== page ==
Friday, September 26, 2008

Unbreak my heart

For the past four or five years I've often had shooting pain near my heart, which only lasts a few minutes but gets worse if I breathe or stretch. It usually occurs when I'm sitting, or when I first get out of bed.

If I mention that my heart is hurting someone always says "that's just heartburn". Oh really? So back when I was on pills for acid reflux I actually had NO IDEA what was going on and THIS sharp pain in the left side of my chest is actually what I should have been feeling then? Well, at least now I know.

(Apparently I have a soapbox I didn't realize sooner.)

After an entire day of freaking out several times because HOLY CRAP, MY HEART HURTS! I started Googling various things again. For the millionth time.

I finally came across Precordial Catch Syndrome, and have decided I can finally relax because yeah, it hurts, but this is probably what it is and they says its harmless. Bring on the pain.
From Wikipedia:

PCS manifests itself as an intense, sharp pain typically below the left, but sometimes right, nipple or breast which is worse when taking breaths. This typically lasts 30 seconds to 3 minutes and then is resolved as quickly as it began.

PCS has consistent characteristics. Its symptoms begin with a sudden onset of anterior chest pain typically located just below the left, or sometimes, right nipple or breast. The pain is localized and does not radiate like heart attack pain typically does. Breathing in, and sometimes breathing out often intensifies the pain. Typically this causes the patient to freeze in place and breathe shallowly until the episode passes. Episodes typically last a couple seconds to 3 minutes. The frequency of episodes varies by patient, sometimes occurring daily (or even multiple episodes each day). This is believed to be localized cramping of certain muscles groups in the locality.
Although deep inhalation during a PCS attack will likely cause an increase in pain, many have found that forcing themselves to breathe as deeply as possible will result in a "popping" or "ripping" sensation which quickly and completely resolves the PCS episode.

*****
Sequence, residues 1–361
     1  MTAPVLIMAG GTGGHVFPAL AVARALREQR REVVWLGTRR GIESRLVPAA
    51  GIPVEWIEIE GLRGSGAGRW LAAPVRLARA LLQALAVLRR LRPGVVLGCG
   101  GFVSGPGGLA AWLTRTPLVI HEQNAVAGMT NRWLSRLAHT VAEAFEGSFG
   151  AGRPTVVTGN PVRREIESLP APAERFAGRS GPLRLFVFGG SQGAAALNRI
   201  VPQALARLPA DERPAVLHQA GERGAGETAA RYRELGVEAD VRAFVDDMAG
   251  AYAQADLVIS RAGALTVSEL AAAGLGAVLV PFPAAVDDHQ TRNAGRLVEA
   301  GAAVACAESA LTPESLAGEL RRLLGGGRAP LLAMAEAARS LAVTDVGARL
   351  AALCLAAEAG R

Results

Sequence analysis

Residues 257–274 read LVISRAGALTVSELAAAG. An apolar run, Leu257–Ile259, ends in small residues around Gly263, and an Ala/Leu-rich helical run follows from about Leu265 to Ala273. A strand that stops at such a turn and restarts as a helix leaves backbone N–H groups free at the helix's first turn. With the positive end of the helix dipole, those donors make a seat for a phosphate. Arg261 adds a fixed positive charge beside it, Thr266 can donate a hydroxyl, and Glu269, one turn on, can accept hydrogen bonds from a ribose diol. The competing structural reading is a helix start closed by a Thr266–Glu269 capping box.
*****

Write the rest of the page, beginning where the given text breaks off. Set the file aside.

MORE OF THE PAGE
PCS episodes happen most often while sitting or lying down, and being inactive.
The cause of PCS is unknown. It is speculated that it could be caused by the pinching of a nerve. There is also a correlation of PCS to stress and anxiety. PCS is often seen to occur during rest or a sudden change in posture.
There is no known cure for PCS. However PCS is also not believed to be dangerous. Therefore PCS is generally seen as a mild inconvenience. Perhaps the worst part about PCS is the fear that this chest pain is an indicator of a heart attack or other dangerous condition, so therefore a correct diagnosis of PCS is a relief. PCS should not interfere with normal activity, and there is no reason to use any form of medication.


Anonymous said...

That's really interesting. I have the same sort of pain from time to time. Usually about every other week or so...

I always attributed it to the fact that when I was young I had a heart mur-mur (something about your heart skips a beat or something...) The doctor said I grew out of it.. but I always had that pain and that's what I thought it was.

Thanks for posting this. :)

Clarke said...

I've had that heart cramp thing too every once in a while. I don't think its a big deal.